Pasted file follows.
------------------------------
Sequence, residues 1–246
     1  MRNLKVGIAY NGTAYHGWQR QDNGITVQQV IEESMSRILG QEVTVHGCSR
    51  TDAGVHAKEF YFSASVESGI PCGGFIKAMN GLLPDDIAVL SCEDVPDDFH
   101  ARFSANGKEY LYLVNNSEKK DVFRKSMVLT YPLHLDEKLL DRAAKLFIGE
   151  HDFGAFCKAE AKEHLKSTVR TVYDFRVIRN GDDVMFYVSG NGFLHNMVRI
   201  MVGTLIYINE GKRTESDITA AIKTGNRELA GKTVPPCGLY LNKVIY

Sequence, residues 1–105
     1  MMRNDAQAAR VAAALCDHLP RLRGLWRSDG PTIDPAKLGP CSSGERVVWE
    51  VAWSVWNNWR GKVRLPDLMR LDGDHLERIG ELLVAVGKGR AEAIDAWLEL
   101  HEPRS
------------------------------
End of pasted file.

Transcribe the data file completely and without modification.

Sequence, residues 1–246
     1  MRNLKVGIAY NGTAYHGWQR QDNGITVQQV IEESMSRILG QEVTVHGCSR
    51  TDAGVHAKEF YFSASVESGI PCGGFIKAMN GLLPDDIAVL SCEDVPDDFH
   101  ARFSANGKEY LYLVNNSEKK DVFRKSMVLT YPLHLDEKLL DRAAKLFIGE
   151  HDFGAFCKAE AKEHLKSTVR TVYDFRVIRN GDDVMFYVSG NGFLHNMVRI
   201  MVGTLIYINE GKRTESDITA AIKTGNRELA GKTVPPCGLY LNKVIY

Sequence, residues 1–105
     1  MMRNDAQAAR VAAALCDHLP RLRGLWRSDG PTIDPAKLGP CSSGERVVWE
    51  VAWSVWNNWR GKVRLPDLMR LDGDHLERIG ELLVAVGKGR AEAIDAWLEL
   101  HEPRS